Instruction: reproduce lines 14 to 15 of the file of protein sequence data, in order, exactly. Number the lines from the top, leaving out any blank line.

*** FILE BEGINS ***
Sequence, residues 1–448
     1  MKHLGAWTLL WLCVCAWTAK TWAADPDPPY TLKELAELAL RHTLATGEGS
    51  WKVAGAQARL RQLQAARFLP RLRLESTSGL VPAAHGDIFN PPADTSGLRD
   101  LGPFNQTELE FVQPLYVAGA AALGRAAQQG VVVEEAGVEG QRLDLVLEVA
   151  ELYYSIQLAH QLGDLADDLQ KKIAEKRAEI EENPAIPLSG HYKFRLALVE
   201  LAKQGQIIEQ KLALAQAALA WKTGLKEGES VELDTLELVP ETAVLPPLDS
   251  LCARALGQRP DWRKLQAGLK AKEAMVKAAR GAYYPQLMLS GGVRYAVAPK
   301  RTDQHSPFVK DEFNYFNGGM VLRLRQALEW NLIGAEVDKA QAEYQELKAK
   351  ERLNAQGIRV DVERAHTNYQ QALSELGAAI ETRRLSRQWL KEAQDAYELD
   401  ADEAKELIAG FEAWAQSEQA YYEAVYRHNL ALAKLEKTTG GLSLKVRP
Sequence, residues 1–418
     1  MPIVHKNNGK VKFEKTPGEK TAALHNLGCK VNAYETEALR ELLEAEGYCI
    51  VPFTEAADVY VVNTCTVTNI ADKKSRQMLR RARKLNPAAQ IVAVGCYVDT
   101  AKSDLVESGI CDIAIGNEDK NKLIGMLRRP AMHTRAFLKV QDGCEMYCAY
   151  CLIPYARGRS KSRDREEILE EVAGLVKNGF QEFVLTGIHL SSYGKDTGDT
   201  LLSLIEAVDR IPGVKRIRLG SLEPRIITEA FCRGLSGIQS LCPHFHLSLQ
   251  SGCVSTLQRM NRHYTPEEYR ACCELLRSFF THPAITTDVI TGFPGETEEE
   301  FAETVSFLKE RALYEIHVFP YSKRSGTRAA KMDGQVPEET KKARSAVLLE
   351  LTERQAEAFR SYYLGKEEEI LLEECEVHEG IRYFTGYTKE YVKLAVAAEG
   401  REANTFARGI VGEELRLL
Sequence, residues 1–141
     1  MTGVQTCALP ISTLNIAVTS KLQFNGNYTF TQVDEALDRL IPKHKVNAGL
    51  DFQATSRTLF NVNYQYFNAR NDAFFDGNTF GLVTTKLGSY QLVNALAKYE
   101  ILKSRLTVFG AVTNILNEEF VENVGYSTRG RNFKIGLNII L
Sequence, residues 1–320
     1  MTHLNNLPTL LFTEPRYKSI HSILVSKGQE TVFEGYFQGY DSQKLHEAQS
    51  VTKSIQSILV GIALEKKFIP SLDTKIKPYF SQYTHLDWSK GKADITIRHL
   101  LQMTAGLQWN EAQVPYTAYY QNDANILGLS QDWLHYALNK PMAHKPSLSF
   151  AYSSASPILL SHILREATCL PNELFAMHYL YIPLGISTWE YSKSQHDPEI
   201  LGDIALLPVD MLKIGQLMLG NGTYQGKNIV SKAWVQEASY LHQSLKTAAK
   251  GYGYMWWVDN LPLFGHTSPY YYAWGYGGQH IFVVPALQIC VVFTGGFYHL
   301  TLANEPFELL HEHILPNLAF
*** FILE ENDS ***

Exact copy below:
   101  AKSDLVESGI CDIAIGNEDK NKLIGMLRRP AMHTRAFLKV QDGCEMYCAY
   151  CLIPYARGRS KSRDREEILE EVAGLVKNGF QEFVLTGIHL SSYGKDTGDT